Immigration

“The more prosperous nations are obliged, to the extent they are able, to welcome the foreigner in search of the security and the means of livelihood which he cannot find in his country of origin. Public authorities should see to it that the natural right is respected that places a guest under the protection of those who receive him.” (Catechism, 2241).

Immigration reform is a difficult and complex issue from the civil and political point of view, but even more so from the human point of view. At its core, it involves ensuring the just treatment and defense of the human dignity of immigrants and their families. The Catholic community in the United States, including the Knights of Columbus, continues to welcome waves of new immigrants into our parishes, schools, and local communities, providing them with pastoral care and charitable assistance. It is our aim to support ways of regularizing their situation, especially with regard to the unification of families.

Most of the unauthorized flow of immigration into the United States comes from Mexico and other Latin American nations, where families often endure dire economic circumstances. Thus, the basic need to provide for the family has become one of the primary causes for unauthorized immigration flows in the United States. The situation is so desperate that many risk being apprehended for crossing illegally into the United States. Others attempt to reenter the United States again, even after being arrested and deported, in the hope of bettering their lives and the lives of their families.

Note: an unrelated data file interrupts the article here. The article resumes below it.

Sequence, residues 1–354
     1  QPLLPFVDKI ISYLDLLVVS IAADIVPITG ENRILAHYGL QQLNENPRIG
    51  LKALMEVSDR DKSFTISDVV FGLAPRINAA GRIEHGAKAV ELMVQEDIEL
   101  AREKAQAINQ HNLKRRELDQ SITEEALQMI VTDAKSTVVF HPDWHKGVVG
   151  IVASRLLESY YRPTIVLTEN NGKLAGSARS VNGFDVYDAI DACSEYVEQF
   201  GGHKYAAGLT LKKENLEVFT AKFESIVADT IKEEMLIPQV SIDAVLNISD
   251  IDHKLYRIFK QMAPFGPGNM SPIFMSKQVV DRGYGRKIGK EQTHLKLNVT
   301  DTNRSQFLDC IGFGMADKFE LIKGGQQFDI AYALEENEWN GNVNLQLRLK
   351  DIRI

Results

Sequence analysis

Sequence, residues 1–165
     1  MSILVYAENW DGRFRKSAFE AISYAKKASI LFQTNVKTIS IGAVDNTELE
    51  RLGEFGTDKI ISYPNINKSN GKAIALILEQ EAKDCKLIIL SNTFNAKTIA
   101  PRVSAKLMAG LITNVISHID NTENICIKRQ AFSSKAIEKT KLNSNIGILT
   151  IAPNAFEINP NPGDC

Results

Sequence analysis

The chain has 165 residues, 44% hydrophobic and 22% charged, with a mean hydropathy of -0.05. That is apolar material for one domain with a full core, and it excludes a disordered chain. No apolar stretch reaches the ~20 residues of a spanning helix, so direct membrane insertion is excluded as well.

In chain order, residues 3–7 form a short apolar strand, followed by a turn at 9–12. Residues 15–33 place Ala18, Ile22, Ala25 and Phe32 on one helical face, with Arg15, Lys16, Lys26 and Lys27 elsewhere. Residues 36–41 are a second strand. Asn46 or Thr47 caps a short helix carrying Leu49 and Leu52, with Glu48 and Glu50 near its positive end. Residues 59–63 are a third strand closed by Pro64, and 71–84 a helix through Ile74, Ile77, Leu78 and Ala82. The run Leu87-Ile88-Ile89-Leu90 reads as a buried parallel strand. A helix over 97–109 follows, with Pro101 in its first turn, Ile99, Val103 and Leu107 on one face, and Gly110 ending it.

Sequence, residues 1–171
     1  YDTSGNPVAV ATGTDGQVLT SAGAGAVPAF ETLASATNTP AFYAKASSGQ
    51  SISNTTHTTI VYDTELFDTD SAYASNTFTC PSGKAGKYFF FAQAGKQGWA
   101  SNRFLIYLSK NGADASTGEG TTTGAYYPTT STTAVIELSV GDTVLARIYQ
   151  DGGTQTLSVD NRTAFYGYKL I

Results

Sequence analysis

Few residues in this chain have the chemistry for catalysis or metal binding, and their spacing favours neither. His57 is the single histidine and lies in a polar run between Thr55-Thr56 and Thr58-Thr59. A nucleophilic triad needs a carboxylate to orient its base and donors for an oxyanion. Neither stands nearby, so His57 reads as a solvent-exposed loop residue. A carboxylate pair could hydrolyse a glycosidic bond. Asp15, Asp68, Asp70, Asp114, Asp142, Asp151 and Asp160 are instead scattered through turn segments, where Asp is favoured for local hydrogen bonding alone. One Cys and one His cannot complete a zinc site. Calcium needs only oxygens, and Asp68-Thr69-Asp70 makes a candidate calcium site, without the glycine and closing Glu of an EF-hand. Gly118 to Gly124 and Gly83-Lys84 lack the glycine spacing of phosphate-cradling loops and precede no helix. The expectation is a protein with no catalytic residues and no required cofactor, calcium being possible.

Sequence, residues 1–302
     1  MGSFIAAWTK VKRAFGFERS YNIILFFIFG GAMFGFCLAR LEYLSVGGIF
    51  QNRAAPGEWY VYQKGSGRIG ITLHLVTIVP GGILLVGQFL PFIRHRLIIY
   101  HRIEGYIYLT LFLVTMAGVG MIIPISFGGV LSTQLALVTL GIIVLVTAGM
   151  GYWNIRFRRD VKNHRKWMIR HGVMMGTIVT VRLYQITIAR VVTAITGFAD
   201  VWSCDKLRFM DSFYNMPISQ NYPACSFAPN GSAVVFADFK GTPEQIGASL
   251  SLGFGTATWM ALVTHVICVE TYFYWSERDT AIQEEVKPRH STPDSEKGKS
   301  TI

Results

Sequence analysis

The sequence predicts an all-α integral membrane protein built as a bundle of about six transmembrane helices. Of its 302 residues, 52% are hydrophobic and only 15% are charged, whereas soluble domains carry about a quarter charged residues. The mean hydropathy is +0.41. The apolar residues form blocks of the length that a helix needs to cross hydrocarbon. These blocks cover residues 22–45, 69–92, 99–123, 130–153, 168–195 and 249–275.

The current immigration apparatus is, in the words of the U.S. Bishops, “woefully insufficient” to provide legal means for the foreign-born to enter the United States to live and work, and, most of all, to support their families. The Knights of Columbus stands with the Catholic Church in the United States in supporting legislation that seeks to remedy this situation. We support efforts to enhance the economic vitality of immigrant families as well as efforts to create a pathway to citizenship.

Consistent with the Catechism of the Catholic Church, the Knights of Columbus also recognizes government’s essential duty to secure its border and enforce the rule of law. For the sake of the common good, political authorities “may make the exercise of the right to immigrate subject to various juridical conditions.” (Catechism, 2241). But the enforcement of immigration laws must still guarantee respect for the human dignity of immigrants as well as the religious liberty of those who lend immigrants a helping hand. The Knights of Columbus encourages all Catholics, when considering immigration reform, to weigh honestly these various political and legal concerns, while also remaining steadfast in their conviction that immigrants are themselves endowed with human rights.